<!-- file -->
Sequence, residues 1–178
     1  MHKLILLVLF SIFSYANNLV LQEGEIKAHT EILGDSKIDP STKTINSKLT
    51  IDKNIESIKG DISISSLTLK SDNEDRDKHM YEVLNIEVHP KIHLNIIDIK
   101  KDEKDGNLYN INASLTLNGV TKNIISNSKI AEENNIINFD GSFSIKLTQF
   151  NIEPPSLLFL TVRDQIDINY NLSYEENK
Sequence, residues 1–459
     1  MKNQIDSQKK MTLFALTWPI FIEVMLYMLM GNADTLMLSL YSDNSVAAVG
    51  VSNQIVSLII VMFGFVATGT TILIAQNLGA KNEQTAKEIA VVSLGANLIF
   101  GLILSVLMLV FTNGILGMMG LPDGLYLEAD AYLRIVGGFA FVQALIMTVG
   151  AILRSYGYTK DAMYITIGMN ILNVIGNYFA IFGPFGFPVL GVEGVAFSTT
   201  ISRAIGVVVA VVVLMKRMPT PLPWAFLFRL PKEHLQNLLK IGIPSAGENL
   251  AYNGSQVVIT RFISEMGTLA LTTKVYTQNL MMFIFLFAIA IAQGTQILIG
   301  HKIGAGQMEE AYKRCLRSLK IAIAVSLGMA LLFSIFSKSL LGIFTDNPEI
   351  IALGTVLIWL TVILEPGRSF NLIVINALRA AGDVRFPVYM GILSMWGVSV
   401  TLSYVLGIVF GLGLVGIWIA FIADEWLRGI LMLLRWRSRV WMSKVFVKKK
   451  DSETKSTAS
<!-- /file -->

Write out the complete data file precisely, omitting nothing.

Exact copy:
Sequence, residues 1–178
     1  MHKLILLVLF SIFSYANNLV LQEGEIKAHT EILGDSKIDP STKTINSKLT
    51  IDKNIESIKG DISISSLTLK SDNEDRDKHM YEVLNIEVHP KIHLNIIDIK
   101  KDEKDGNLYN INASLTLNGV TKNIISNSKI AEENNIINFD GSFSIKLTQF
   151  NIEPPSLLFL TVRDQIDINY NLSYEENK
Sequence, residues 1–459
     1  MKNQIDSQKK MTLFALTWPI FIEVMLYMLM GNADTLMLSL YSDNSVAAVG
    51  VSNQIVSLII VMFGFVATGT TILIAQNLGA KNEQTAKEIA VVSLGANLIF
   101  GLILSVLMLV FTNGILGMMG LPDGLYLEAD AYLRIVGGFA FVQALIMTVG
   151  AILRSYGYTK DAMYITIGMN ILNVIGNYFA IFGPFGFPVL GVEGVAFSTT
   201  ISRAIGVVVA VVVLMKRMPT PLPWAFLFRL PKEHLQNLLK IGIPSAGENL
   251  AYNGSQVVIT RFISEMGTLA LTTKVYTQNL MMFIFLFAIA IAQGTQILIG
   301  HKIGAGQMEE AYKRCLRSLK IAIAVSLGMA LLFSIFSKSL LGIFTDNPEI
   351  IALGTVLIWL TVILEPGRSF NLIVINALRA AGDVRFPVYM GILSMWGVSV
   401  TLSYVLGIVF GLGLVGIWIA FIADEWLRGI LMLLRWRSRV WMSKVFVKKK
   451  DSETKSTAS